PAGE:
“The point is that quantum theory of gravity only came about when it was understood how to overcome Heisenberg’s Uncertainty Principle because of the pairs of particles and anti-particles in a given volume of vacuum. Measuring the particles to determine where they are affects their paths and changes when they’ll get there. If it were empty, the electromagnetic and gravitational fields would have to be zero, as would be both its value and its rate of change. Clearly that’s the case.”

Kagami shook his head, but smiled while he did it, “The minimum amount of uncertainty that must be present can be measured by the changes in the energy of the electron field. It’s the remote ear listening to see if the tree falling with no one around makes a noise. The presence of the detector is included in the computation of the location and velocity of the particles and the anti-particles. Quite simply, they’re there. We know it, and we can find them.” He looked at a dazed and confused student standing near the whiteboard with a handful of colored markers and a full page of convoluted and perplexed set of sketches and formulae.

“But, that’s…the intent of what you’re saying, the impacts, it borders on heresy. Who else have you shown this to?” Speil would not take his eyes off the board. His eyes looked for a math error that was not there.

“I have shown it to a whole slew of other people who came to the same conclusion, sometimes sooner than others, other times sooner then some. Always the same, I’m a crackpot for suggesting it and should move on to something that will actually work. Same reaction, for over seven years. Even from Rotcod.” Kagami put down the marker he had been using and stepped back from the board. The board was wired back into his laptop, so anything they wrote on it was saved for future reference. One never could tell when inspiration, genius or math error may hit.

In a contemplative manner, Speil continued to review the board. Absentmindedly he picked up the marker and began to write his own formula and calculate. Kagami smiled as he watched. What had been written on the board had very specifically left out what Speil was now drawing. He had certainly picked the right student. “What about this, then, sir?” Speil asked before his hand stopped.

Kagami put his hand on Speil’s shoulder, “Cut out the ‘sir’ and don’t worry about the formalities. Today you have become if not an equal, a peer. That,” he pointed at the board, “is exactly what I was getting at. No one else agrees with me, but it is time to make them see. Free swim is over, from here, we dive deep.

“String theory shows us multiple dimensions, most of which we cannot see or measure. Why is that?”

“That’s easy; the dimensions are too distant to comprehend. If you look at a two dimensional object far enough away you lose perspective of one of the dimensions.” Speil held up the marker, “Like this marker, for example. It has two dimensions, length and width, but if we look at the marker on the other side of the room,” he pointed across the room, “the length is so much greater than the width, and as the distance to width dimension becomes too great, it can be considered to have only the length dimension relative to our position.”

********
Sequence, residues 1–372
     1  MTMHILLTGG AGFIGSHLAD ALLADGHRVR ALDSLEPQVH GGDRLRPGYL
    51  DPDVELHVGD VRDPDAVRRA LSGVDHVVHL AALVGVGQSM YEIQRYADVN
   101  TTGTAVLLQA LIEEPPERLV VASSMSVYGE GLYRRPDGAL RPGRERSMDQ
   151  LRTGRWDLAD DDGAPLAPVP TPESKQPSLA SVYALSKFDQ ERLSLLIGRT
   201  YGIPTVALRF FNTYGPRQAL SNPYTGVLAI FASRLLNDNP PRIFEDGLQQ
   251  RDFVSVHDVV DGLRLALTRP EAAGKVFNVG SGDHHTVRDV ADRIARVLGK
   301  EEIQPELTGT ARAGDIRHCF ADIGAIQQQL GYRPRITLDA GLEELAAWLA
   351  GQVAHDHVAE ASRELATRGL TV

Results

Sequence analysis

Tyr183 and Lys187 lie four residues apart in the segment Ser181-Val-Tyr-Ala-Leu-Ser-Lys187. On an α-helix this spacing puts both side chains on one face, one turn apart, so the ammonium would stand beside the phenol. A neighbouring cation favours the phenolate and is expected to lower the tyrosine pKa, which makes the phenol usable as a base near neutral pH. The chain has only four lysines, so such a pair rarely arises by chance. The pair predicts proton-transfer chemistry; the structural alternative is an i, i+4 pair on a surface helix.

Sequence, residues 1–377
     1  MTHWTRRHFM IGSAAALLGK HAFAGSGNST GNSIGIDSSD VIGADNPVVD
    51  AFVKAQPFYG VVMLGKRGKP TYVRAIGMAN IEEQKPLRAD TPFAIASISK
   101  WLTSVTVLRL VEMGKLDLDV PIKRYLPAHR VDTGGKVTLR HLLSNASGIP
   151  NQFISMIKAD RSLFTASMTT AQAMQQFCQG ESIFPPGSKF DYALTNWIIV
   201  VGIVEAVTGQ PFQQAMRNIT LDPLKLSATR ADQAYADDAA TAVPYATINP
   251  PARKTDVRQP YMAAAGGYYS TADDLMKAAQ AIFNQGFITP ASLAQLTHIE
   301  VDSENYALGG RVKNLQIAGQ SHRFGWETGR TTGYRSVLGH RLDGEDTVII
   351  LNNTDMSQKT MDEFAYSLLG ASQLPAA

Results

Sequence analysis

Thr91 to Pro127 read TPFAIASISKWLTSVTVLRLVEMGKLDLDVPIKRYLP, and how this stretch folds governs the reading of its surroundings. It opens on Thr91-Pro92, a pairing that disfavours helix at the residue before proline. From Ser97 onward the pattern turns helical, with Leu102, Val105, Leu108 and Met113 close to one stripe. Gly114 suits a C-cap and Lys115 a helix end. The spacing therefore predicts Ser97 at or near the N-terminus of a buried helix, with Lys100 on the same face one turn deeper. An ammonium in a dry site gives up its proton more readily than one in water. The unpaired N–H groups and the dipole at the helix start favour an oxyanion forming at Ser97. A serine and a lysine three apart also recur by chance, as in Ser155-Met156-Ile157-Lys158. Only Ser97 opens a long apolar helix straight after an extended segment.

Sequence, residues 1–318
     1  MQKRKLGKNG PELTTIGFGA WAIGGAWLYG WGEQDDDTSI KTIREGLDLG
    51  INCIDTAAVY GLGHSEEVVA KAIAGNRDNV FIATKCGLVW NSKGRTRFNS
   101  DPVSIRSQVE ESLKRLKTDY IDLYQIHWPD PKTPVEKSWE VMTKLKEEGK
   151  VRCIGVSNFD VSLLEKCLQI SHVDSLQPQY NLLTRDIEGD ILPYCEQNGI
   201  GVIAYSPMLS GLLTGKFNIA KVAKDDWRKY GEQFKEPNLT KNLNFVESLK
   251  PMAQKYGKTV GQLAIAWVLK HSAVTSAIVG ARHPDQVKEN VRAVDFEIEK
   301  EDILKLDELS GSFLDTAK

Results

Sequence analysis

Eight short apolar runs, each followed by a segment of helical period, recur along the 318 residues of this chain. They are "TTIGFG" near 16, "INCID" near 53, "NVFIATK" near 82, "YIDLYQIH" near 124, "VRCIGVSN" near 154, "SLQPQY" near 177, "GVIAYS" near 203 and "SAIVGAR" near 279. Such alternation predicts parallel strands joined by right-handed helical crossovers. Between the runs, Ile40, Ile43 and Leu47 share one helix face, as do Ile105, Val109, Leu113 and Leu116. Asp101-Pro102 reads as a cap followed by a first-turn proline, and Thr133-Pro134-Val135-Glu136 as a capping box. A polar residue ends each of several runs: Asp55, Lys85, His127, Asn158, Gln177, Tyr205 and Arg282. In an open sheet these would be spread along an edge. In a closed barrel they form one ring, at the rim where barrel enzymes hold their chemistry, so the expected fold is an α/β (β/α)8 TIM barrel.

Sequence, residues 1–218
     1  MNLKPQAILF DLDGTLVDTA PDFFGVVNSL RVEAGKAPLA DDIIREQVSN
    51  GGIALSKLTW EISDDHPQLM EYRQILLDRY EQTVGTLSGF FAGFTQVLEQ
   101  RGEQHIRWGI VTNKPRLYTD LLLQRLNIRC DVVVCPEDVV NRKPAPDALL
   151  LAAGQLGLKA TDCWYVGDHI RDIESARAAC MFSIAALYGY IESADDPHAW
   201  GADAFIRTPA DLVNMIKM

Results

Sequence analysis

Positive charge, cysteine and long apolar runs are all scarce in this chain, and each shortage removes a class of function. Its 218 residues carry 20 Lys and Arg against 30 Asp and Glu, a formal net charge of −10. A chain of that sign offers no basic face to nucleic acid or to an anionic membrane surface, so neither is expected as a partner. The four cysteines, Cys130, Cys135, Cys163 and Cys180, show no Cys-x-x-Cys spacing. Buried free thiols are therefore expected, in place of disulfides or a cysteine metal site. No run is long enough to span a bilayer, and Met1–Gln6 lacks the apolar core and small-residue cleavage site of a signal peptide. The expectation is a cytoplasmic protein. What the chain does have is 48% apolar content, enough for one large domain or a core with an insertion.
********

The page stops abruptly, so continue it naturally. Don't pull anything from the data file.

“Exactly, and the two are the same size, but the one closer to us appears to be bigger, right?”

“Uh…yeah,” Speil added hesitantly. “Because it appears to have more dimensions?”

“Yes and no. It has the same dimensions, but its relative position to us is close enough to discern more dimensions. If we could look at a marker close enough to ‘see’ the fourth through tenth dimensions it would appear even bigger. But what if we could keep both markers the same size, and fit the closer one into the further one?”

“When we got close enough the dimensions of the other would appear or disappear depending on which marker you view the activity from.”

“But if we could keep our dimensional awareness of the one without adding a dimensional awareness of the other and slipped the ‘larger’ one into the ‘smaller’ one, then what?”

After a slight pause, he answered, “Then we get something bigger on the inside then we have on the outside. The further you go in, the more you find. Then since the particle/anti-particle cancellation occurs on a microscopic scale in an almost instantaneous fashion, we could put something big enough to hold something into a microscopic particle and make it travel from where it is to where it is needed to cancel out the anti-particle. You’re not looking to find a better way to move the next Allman; you’re finding a better way to move anyone.”

As he looked at the professor, Kagami answered with merely a smile. “How far have you gotten with your figures?”

Kagami waved at a stack of books on the next table about a half-foot high. “This far. It is your light reading while I take care of the paperwork to ‘finish’ your degree work. By the end of the week, you will have finished that stack and your coursework. After one day of rest, we begin the next once in a lifetime project.” To himself he thought that finally, immortality is within reach.

Speil answered by simply walking over to the table and opening the first book. “The journey of a thousand light-years begins with a single step, right?

Return to Main Page

Next Section